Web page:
In an interview about the special counsel’s report, Rep. John Ratcliffe said that what “started all of this” was “a fake, phony dossier.” But a House Republican intelligence committee memo said it was information about a Trump campaign foreign policy adviser that sparked the FBI’s counterintelligence investigation into Russian interference in the election.
Ratcliffe, a Texas Republican who is a member of the House intelligence committee, said in the interview on Fox Business Network that “I had seen every classified document that any member of Congress was allowed to see. So I wasn’t surprised at all at the findings” of the special counsel investigation, as revealed in a four-page memo on March 24 by Attorney General William P. Barr. He then turned to the dossier.
Ratcliffe, March 25: That this was a fake, phony dossier that started all of this, funded by the Democrats. … It wasn’t real and now Bob Mueller says it wasn’t real.
The “dossier” is a series of memos compiled by former British intelligence officer Christopher Steele on supposed contacts between Russian officials and members of the Trump campaign. It alleged the Russian government had compromising information on then-Republican presidential candidate Donald Trump. Steele was hired by the research firm Fusion GPS, which had been hired by a law firm representing Hillary Clinton’s presidential campaign and the Democratic National Committee. (See “Q&A on the Nunes Memo” for more information.)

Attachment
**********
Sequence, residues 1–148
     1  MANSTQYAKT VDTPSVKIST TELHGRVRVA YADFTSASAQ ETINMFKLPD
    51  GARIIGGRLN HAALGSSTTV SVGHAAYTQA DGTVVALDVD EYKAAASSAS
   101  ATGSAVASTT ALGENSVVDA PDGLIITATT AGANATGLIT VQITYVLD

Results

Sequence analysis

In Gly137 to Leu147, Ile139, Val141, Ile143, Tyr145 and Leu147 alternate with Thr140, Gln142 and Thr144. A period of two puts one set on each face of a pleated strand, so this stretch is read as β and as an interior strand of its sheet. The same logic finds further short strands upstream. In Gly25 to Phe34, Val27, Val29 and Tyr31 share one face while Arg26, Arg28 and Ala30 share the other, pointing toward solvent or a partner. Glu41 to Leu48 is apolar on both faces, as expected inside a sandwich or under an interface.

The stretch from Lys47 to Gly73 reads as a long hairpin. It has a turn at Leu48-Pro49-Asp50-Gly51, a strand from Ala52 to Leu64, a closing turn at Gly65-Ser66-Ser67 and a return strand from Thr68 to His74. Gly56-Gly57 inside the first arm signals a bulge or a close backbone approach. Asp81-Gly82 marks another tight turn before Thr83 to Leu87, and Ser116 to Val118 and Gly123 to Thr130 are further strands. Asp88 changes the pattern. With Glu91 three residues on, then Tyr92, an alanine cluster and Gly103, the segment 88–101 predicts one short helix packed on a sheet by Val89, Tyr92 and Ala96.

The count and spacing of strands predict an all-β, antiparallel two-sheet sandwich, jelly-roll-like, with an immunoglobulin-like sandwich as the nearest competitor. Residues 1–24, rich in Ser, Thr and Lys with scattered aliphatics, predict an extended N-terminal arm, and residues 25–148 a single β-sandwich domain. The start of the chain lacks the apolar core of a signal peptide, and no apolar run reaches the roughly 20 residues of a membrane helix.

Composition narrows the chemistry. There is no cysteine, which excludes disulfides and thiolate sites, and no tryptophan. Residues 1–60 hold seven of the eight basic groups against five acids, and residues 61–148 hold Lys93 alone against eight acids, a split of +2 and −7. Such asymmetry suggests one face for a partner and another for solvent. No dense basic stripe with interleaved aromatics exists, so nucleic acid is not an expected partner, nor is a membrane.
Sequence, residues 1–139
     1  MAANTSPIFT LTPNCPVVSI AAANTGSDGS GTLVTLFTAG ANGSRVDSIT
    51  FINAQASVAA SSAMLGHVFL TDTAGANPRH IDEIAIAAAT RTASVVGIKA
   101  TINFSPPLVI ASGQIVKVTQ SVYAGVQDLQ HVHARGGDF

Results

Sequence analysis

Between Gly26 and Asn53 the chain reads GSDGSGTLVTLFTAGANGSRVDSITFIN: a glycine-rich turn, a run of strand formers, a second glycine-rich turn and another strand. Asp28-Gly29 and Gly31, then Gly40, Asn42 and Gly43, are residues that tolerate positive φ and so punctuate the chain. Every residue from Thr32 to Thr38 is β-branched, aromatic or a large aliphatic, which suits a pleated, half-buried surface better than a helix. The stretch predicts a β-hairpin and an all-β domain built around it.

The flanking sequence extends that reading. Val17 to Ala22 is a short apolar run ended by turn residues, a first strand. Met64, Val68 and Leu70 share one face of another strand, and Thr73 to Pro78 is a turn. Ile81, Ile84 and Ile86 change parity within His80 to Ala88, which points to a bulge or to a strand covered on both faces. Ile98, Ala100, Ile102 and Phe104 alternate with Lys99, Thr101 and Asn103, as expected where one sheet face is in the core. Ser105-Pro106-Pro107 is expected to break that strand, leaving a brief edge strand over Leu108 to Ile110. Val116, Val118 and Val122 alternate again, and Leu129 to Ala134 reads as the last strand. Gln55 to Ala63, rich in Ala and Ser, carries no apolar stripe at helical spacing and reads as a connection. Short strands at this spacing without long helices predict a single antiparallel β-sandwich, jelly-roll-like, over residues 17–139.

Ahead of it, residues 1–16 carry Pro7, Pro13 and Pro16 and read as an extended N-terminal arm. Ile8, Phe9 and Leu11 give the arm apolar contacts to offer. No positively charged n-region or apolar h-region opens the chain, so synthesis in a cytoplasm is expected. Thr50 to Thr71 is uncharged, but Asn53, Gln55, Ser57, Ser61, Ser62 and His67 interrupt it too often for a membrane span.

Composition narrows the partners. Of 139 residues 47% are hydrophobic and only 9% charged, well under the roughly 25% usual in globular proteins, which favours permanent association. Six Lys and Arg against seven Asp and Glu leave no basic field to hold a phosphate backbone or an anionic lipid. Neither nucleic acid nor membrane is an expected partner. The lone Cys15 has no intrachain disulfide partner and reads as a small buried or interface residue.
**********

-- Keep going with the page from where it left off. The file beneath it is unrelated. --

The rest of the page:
We don’t know what special counsel Robert S. Mueller III said, or didn’t say, about the dossier in his report to Barr. For now, Mueller’s report remains confidential. But we do know, according to Barr’s summary of it, that Mueller’s report said: “[T]he investigation did not establish that members of the Trump Campaign conspired or coordinated with the Russian government in its election interference activities.”
Barr wrote in his memo that “the Special Counsel did not find that the Trump campaign, or anyone associated with it, conspired or coordinated with the Russian government in these efforts, despite multiple offers from Russian-affiliated individuals to assist the Trump campaign.”
But Ratcliffe is wrong to say the dossier “started all of this.” Competing memos from the Republicans and the Democrats on the House intelligence committee both say that information about George Papadopoulos, a Trump campaign foreign policy adviser, had prompted the FBI investigation in July 2016.